With this $90,000 award from FRAXA Research Foundation, Drs. Ernest Pedapati, Christina Gross, and student Lindsay Beasley will pursue preclinical gene therapy approaches for treating Fragile X syndrome at Cincinnati Children’s Hospital.
Ernest Pedapati, MD, MS
Christina Gross, PhD
Cincinnati Children’s Hospital
2019 FRAXA Research Grant
$90,000 over 2 Years
By Ernest Pedapati, MD, MS and Christina Gross, PhD
With the support of FRAXA, master’s student Lindsay Beasley, under the mentorship of Ernest Pedapati, MD, MS and Christina Gross, PhD, will investigate preclinical gene therapy approaches to restoring FMRP activity. Her work is part of a larger novel clinical therapeutics program in Fragile X syndrome at Cincinnati Children’s Hospital, led by Craig Erickson, MD, seeking to develop next generation biomarkers and treatments to address the core features of the disorder.
Recent headlines in diseases such as Spinal Muscular Atrophy have demonstrated the feasibility and potential of viral mediated protein replacement in single gene disorders. The absence of FMRP in the Fragile X brain leads to many unwanted downstream effects which presents significant challenges for drug development. Thus, protein replacement of FMRP in the brain may offer a unique strategy to comprehensively restore function across multiple neural pathways.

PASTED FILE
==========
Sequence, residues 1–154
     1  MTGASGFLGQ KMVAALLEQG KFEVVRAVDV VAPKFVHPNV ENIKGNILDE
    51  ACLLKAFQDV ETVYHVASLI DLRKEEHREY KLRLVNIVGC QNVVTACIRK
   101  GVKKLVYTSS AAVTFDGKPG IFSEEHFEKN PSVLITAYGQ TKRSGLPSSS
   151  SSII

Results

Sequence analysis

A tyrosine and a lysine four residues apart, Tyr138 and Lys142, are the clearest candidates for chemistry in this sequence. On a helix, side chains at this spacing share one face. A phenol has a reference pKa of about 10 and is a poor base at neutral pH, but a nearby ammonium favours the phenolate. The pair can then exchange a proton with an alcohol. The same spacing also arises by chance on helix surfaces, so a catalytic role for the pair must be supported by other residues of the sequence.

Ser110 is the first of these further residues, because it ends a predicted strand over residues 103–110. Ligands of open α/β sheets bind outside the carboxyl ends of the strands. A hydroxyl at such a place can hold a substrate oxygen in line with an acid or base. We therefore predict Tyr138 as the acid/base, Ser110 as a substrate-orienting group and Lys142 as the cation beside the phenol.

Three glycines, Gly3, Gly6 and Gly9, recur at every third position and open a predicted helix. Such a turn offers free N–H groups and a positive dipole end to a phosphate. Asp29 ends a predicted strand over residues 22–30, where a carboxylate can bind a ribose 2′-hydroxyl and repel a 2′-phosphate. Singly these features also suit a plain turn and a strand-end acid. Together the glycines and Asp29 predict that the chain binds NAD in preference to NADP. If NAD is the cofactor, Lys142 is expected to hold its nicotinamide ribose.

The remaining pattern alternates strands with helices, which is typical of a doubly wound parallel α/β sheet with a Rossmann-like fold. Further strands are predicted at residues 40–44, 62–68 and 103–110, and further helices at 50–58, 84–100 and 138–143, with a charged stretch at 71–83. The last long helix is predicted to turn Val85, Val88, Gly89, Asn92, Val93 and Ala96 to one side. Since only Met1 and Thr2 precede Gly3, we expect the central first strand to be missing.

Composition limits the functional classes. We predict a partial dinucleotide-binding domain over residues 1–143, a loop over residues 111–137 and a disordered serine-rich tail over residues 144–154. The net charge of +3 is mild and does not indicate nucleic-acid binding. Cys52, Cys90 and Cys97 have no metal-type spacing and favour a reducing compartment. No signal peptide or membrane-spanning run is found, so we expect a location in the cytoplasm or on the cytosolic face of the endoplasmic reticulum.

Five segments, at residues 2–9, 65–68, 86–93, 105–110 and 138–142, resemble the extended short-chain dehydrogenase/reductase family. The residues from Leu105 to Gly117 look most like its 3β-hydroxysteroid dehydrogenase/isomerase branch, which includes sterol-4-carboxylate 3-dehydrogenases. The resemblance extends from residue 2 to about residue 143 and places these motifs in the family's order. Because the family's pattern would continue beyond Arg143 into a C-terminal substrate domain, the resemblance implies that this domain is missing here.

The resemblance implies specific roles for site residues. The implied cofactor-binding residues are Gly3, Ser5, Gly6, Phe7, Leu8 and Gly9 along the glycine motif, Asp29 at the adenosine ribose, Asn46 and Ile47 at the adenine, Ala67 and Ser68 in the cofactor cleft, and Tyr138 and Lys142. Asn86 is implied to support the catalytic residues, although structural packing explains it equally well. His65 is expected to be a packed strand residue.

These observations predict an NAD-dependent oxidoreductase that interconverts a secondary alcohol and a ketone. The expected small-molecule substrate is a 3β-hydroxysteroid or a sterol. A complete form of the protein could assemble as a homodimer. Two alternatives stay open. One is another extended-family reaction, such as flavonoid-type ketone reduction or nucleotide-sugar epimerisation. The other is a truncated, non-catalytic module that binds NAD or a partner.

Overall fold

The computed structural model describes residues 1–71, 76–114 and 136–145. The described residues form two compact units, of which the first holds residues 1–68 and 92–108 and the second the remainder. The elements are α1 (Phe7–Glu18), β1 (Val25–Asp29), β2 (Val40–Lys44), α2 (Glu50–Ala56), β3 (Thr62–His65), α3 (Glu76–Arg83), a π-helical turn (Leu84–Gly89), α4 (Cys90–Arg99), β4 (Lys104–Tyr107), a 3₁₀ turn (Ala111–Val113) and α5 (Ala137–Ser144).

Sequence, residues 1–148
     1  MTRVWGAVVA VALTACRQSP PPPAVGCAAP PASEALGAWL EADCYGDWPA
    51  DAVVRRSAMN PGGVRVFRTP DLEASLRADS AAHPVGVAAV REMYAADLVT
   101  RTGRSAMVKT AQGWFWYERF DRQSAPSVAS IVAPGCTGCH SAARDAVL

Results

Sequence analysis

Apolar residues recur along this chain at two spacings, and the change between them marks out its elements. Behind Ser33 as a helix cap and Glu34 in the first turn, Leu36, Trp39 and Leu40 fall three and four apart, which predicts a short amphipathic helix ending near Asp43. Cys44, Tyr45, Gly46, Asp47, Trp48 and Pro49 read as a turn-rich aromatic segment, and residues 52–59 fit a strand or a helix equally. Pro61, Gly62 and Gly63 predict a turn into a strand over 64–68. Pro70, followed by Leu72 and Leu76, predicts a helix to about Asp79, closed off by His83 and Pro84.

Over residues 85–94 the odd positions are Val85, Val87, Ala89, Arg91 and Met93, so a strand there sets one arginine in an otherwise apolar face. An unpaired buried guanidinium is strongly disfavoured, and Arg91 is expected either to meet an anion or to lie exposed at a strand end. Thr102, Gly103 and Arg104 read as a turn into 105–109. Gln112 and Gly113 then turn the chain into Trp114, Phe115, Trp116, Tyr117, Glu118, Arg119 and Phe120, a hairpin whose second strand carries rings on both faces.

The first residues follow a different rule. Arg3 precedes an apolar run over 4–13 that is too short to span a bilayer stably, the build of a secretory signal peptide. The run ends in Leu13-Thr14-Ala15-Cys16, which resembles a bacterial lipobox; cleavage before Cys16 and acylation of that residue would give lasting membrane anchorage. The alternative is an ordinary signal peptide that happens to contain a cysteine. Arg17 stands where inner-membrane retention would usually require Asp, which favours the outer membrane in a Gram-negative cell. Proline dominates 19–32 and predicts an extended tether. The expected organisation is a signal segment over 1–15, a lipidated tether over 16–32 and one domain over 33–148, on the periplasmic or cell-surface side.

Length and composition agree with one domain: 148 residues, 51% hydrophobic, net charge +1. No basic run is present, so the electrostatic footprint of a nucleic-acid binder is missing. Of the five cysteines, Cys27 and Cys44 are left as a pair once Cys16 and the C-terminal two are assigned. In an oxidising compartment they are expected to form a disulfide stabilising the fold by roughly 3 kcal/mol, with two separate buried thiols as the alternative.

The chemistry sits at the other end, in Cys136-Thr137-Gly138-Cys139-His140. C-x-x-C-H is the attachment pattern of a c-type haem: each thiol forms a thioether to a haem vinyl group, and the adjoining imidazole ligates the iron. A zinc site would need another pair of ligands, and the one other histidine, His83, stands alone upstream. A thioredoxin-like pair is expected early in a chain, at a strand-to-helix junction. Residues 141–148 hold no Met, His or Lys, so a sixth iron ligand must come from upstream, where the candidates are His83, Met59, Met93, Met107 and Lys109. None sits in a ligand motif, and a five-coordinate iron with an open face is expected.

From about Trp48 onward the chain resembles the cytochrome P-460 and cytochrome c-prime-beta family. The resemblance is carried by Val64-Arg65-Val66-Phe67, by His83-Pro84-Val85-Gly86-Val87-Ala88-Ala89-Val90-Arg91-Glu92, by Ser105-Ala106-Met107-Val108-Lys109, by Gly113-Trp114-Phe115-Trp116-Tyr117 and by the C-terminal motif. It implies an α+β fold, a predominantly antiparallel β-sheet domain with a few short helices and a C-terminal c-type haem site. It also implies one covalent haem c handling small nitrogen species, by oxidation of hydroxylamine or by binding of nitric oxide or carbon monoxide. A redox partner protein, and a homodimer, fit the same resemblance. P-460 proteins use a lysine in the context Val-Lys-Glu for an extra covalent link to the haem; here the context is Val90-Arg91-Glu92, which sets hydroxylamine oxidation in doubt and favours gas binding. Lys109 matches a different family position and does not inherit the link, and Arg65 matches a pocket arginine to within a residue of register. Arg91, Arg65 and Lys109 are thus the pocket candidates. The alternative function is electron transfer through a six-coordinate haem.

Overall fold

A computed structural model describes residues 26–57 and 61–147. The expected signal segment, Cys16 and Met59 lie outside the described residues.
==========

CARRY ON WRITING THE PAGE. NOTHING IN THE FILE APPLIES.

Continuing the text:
Ms. Beasley will express a series of vectors, each expressing FMRP, in the mouse brain to identify key design characteristics of those vectors that affect safety, efficacy, and spread of protein expression. Dr. Durgesh Tiwari in Dr. Gross’ lab will train Ms. Beasley to perform conventional primary endpoints in mice studies, including molecular, cellular, and behavioral tests. However, we will also examine the effects of protein expression on mouse EEG signals which have been found to be altered in similar fashion to humans affected by Fragile X syndrome through our collaboration in a larger National Institutes of Health U54 Fragile X Center.
Ms. Beasley will receive additional training by Carrie Jonak through Devin Binder’s lab at the University of California Riverside, to extend our current single lead mouse EEG techniques into implanting 30-channel multi-electrode grids to provide sophisticated signals similar to human dense array EEG. The discovery of a neural “signature” indicating brain activity of a successful host or treatment response is a key goal of this work.
These experiments, along with others at our institution, are laying critical groundwork for the potential adoption of these powerful technologies to one day bring into the clinic.
FMRP protein (red) can be detected in neurons (green) in the brain of Fmr1 knockout mice after infection with FMRP-expressing viral vector. Fmr1 knockout mice normally have no FMRP.